Republicans in the US House of Representatives on Monday released the details of their $14.3 billion Israeli aid package, with money for the country's present and future defence systems.
The proposal is in line with the $14.3 billion in funding for Israel that President Joe Biden had requested, although it would not be part of his larger $105 billion request.
Included in House Speaker Mike Johnson's proposal is $4.4 billion for Israel's Iron Dome and David Sling defence systems.
Another $1.2 billion would be used to help Israel develop its Iron Beam defence system against short-range rocket threats.
The Defence Department would also receive $4.4 billion to replenish stocks that the Pentagon has already given to support Israel since October 7.
But the bill's passage is far from certain and will be the first major test for Mr Johnson since coming to power.
The Republicans' proposal would be paid for by offsetting costs for Mr Biden's Inflation Reduction Act, something that typically does not happen in emergency funding requests.
White House Press Secretary Karine Jean-Pierre said rescinding those costs is a "non-starter".
"Playing political games that threaten the source of funding for Israel’s self-defence - now and into the future - would set an unacceptable precedent that calls our commitment to one of our closest allies into question," she said in a statement.
It decouples Israeli aid from assistance that would go to Ukraine and Taiwan. Mr Biden requested funding for all three as part of his broader emergency funding request.
"There is strong bipartisan agreement that it is in our direct national security interest to help Ukraine defend its sovereignty against appalling crimes being committed by Russian forces against thousands of innocent civilians," Ms Jean-Pierre said.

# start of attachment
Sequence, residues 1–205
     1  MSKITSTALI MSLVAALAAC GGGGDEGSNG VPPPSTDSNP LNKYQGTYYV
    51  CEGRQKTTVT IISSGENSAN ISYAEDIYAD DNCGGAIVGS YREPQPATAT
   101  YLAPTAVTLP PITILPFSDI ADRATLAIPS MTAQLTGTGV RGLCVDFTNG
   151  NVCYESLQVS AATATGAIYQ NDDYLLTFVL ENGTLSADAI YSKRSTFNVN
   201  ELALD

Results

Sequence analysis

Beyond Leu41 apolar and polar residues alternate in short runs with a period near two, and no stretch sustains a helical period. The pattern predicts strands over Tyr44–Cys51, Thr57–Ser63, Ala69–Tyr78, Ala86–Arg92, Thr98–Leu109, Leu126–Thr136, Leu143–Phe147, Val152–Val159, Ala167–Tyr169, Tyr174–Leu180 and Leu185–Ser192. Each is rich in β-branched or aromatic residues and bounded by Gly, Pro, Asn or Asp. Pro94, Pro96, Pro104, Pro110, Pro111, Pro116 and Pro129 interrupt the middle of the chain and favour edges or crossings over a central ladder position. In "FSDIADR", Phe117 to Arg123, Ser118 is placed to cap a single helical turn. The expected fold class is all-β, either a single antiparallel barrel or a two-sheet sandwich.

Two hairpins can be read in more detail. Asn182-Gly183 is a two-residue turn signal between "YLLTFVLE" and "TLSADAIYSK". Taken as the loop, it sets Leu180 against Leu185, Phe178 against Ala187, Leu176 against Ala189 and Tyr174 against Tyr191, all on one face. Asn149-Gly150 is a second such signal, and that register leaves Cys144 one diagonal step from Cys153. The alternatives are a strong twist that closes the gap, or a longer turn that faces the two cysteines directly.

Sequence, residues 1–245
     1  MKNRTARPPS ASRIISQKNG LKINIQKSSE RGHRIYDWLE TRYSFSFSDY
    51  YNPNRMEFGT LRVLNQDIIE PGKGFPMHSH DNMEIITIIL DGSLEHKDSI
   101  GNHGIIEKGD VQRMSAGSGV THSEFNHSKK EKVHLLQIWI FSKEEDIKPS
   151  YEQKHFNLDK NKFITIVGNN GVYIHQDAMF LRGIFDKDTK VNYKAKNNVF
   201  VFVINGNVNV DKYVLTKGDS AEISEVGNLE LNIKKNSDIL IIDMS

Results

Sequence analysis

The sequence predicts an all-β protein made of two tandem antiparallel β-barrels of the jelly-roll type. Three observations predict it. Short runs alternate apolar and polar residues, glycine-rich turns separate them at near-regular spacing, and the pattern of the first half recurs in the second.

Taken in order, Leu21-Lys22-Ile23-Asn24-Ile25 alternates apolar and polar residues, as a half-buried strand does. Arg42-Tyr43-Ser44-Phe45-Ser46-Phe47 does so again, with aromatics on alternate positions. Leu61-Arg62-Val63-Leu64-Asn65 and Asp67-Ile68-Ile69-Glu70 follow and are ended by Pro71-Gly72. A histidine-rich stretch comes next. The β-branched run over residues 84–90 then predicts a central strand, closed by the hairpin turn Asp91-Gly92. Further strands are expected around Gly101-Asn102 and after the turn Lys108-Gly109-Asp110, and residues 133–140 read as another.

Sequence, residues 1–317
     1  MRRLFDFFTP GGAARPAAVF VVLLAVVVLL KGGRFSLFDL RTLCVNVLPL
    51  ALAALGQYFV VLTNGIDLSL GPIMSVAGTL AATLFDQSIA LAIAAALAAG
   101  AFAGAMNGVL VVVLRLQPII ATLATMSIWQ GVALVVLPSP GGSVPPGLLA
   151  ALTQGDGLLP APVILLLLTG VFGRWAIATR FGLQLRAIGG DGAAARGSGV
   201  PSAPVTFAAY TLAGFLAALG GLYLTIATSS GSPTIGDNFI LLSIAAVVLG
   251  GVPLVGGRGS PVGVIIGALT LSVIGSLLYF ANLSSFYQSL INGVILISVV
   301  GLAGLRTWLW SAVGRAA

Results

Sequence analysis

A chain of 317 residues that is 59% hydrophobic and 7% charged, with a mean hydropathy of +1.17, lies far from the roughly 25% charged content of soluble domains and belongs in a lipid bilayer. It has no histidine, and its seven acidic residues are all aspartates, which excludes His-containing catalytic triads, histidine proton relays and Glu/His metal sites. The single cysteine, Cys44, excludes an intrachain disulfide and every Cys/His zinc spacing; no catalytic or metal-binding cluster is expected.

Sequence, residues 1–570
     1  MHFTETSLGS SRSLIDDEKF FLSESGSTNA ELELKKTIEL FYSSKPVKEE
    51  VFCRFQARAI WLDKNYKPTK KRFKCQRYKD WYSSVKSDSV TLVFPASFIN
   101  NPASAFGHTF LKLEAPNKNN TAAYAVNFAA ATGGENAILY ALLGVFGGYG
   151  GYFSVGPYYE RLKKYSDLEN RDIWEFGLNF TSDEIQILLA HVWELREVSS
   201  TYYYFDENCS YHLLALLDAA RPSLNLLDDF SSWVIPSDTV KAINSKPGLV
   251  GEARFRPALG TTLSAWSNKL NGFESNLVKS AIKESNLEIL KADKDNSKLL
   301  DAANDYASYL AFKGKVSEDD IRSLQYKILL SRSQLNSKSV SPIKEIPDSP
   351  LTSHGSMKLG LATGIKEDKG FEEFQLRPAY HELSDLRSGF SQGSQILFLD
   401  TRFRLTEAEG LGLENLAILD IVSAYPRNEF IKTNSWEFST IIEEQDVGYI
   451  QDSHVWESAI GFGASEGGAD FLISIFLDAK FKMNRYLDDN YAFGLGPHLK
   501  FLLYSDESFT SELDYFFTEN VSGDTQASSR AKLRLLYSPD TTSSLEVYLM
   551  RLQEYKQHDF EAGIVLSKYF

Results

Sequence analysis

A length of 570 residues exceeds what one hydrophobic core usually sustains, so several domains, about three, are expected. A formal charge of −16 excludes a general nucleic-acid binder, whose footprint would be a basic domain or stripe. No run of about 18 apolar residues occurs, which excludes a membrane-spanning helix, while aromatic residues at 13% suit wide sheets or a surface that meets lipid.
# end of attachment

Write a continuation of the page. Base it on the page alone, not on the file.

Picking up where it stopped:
Senate Majority Leader Chuck Schumer said separating Ukraine from Israel – as well as rescinding funds from Mr Biden's programme – would make it “much harder to pass”.
Defence Secretary Lloyd Austin and Secretary of State Antony Blinken were scheduled to testify before a senate committee on Mr Biden's funding request on Tuesday.
Mr Biden's administration has maintained its unequivocal backing of Israel's defence since the deadly Hamas assault three weeks ago killed about 1,400 people.
But as Israel has bombed Gaza over the past three weeks, resulting in more than 8,000 deaths, the White House has sought to make a finer point that it must act within the laws of war and be more conscious of civilian safety.
The US also said it had pressed Israel to restore communication channels to Gaza over the weekend and that it was “pleased” when the internet was restored.
Mr Biden has also pressed for more humanitarian aid be delivered to Gaza at a quicker pace. The US said 45 lorries carrying humanitarian assistance entered Gaza on Sunday, a number that must significantly increase.
He announced earlier in October that Washington would provide $100 million in humanitarian assistance for Gaza.